Sister Corona earned her Certification as a Nurse Aide from the University of Kansas Medical Center in 1970 and additional Certification from Barton Community College in 1976. With this knowledge she was able to begin a new ministry of caring, serving through the Health Aid Service and as a Nurse Aide in Colorado and Kansas.

Sister Corona Bayer and her famous scrubbies.

Sister Corona was dedicated to the missions of the Congregation as well as to a mission close to her own heart, the Central Kansas Association for the Visually Impaired. She created countless wonderful handcrafted items to be sold at the annual CKA VI and Great Bend Mission craft shows. Her craft table were always full of quilts and baby blankets, hats and scarves, table runners, along with dolls and other toys, not to mention the thousands of scrubbies that have become a main staple each year. She was especially pleased to create a Dominican Sister doll for the Lourdes Museum in France.

In her remembrance at Sr. Corona’s wake, Sister Renee Dreiling quoted the reading from Revelations 14:13, “Happy are the dead who die in the Lord. They shall find rest from their labors, for their good works accompany them.” Sr. Corona was, Sr. Renee said, a woman of innumerable good works, but also a woman of kindness, of generosity, and of gentle, playful nature. She loved to dress up for Halloween, to prepare for family gatherings with her Sr. Camillus, and to make the occasional oddball and lighthearted requests of Leadership, like buying the local Dairy Queen as a new ministry.

Sister Corona was preceded in death by her parents, six brothers, and one sister. She is survived by two brothers, Leonard and Herman Bayer; three sisters, Ginny Klein, Martina Young and Joan Payne; two sisters in law, Mary and Kathy, and numerous nieces and nephews.

A Vigil Service was held on April 28, 2020, and the Mass of Christian Burial was held on April 29, 2020. Sr. Corona Bayer was buried at the Sisters’ Resurrection Cemetery in Great Bend, KS.

Memorial gifts in Sr. Corona’s memory may be submitted securely online or sent to the Dominican Sisters of Peace, Office of Mission Advancement, 2320 Airport Dr, Columbus, OH 43219.

To donate in Sr. Corona Bayer’s memory, please click here.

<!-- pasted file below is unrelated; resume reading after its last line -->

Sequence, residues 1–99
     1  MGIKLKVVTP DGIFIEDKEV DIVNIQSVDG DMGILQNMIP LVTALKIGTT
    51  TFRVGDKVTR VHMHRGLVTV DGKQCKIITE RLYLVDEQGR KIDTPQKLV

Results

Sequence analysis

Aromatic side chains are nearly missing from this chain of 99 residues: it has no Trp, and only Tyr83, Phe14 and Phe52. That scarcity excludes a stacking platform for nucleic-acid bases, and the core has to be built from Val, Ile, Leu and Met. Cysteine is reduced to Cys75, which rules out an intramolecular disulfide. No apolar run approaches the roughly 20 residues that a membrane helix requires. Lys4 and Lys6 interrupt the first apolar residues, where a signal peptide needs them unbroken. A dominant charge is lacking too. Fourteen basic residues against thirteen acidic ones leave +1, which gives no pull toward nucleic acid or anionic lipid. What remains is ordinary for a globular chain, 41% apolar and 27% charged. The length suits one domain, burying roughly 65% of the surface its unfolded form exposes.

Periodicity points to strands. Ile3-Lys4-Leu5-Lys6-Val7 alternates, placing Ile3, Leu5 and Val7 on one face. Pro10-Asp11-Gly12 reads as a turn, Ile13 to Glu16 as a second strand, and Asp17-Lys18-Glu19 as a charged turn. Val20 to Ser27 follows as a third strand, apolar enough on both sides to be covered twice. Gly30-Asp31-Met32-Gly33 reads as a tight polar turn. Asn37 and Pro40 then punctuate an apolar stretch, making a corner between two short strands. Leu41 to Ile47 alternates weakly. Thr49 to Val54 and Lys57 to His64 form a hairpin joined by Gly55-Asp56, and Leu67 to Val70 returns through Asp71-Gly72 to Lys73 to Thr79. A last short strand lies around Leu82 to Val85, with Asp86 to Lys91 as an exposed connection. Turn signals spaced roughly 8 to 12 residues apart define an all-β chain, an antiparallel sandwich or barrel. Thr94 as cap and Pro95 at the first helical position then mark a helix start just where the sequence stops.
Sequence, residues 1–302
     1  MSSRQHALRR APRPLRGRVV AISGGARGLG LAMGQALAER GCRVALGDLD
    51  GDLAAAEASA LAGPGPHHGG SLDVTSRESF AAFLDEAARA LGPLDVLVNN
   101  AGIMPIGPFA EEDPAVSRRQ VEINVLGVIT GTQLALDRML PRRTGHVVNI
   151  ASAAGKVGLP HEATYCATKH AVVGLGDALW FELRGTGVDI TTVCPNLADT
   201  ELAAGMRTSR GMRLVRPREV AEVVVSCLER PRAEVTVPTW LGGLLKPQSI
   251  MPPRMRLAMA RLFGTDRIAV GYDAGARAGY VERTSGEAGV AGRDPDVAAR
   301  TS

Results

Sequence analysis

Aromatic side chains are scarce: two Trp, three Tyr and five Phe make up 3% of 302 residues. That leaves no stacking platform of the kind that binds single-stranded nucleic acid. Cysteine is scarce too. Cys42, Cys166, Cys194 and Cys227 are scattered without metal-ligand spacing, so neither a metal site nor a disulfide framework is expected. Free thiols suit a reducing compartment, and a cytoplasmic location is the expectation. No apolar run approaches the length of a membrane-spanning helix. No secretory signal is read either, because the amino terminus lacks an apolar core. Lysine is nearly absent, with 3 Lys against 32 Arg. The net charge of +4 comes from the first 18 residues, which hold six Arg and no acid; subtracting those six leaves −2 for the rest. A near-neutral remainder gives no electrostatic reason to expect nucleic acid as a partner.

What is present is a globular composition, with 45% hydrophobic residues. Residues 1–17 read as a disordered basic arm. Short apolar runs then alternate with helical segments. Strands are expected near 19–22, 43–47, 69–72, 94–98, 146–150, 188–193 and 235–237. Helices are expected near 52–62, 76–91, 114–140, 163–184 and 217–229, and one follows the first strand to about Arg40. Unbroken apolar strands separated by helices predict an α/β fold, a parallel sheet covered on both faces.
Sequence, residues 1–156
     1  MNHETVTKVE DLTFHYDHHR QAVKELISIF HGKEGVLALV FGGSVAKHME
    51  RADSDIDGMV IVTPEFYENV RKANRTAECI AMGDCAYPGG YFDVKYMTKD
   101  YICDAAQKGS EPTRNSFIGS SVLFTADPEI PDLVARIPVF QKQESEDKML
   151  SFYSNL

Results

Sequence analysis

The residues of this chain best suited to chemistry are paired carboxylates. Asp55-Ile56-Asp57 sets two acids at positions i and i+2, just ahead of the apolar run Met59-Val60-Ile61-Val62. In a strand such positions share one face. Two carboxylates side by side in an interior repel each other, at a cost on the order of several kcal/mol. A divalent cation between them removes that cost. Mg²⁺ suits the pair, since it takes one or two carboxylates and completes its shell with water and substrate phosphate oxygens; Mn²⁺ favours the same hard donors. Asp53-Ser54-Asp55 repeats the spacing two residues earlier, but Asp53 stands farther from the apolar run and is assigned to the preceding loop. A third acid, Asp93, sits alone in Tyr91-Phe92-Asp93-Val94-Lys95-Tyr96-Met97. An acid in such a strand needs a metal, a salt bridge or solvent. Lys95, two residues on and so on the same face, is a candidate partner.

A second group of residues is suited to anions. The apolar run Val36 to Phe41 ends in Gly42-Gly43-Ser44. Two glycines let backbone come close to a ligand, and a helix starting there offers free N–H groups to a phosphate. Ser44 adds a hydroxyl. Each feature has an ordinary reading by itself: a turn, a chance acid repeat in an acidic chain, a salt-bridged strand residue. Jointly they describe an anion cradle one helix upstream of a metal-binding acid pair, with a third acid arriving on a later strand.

To view a printable PDF copy of Sr. Corona’s memorial, please click here.

Posted in Obituaries

Dominican Sister of Peace Virginia Marie Butler

Dominican Sister of Peace Virginia Marie Butler

Dominican Sister of Peace Virginia Marie (Virginia Cora) Butler died on April 12, 2020, at the Mohun Health Care Center in Columbus, OH.

Born in 1928, Sr. Virginia was one of four children born to Hazel Supp and Robert Butler of New York City. She entered the Congregation in 1950, made first profession in 1952 and perpetual profession in 1955. She served her Congregation and the people of God faithfully for 68 years.

Sister Virginia Marie earned a BA in Art from Rosemont College, her MA in Scripture from Providence College and a Certificate in Biblical Spirituality from the Catholic Theological Union. This education prepared her well for her retreat ministry in Florida, New Mexico, and Pennsylvania, and for her service to her retired Sisters in both Elkins Park and Danville, PA. She found her time at Lucy Easton Smith Residence for Women in Philadelphia, PA, to be among her most significant ministries.

Sister Virginia Marie also served her Congregation as both Novice Directress and Assistant Junior Mistress. Her beautiful calligraphy was used by many of the Congregation’s retreat ministries.

In 2001, Sister Virginia Marie published Go to Galilee: The Spiritual Geography of the Gospels, inspired by a study trip to the Holy Land.

In true Dominican fashion, Sister Virginia Marie changed residences a number of times in her later years, moving from Elkins Park, PA, to Danville, PA, to Saint Catharine, KY, to Oxford, MI, and finally to Mohun Health Care Center. She was always grateful for the warm welcomes that she received in each new community and contributed her own humor and joy.

She was preceded in death by her parents, Robert and Hazel Supp Butler, her brothers, Robert, Jr. and Warren, and her sister, Hazel Schmitt.  She is survived by several nieces and nephews.

A private funeral service and burial at St. Joseph Cemetery in Columbus, OH, were held on April 21, 2020.  A memorial service will occur at a future date.

Memorial gifts in Sister Virginia Marie Butler’s memory may be sent to the Dominican Sisters of Peace, Office of Mission Advancement, 2320 Airport Drive, Columbus, OH 43219 or submitted securely at oppeace.org

To donate in Sr. Virginia Marie’s memory, please click here.

To view a printable PDF copy of Sr. Virginia Marie’s memorial, please click here.

 

Posted in Obituaries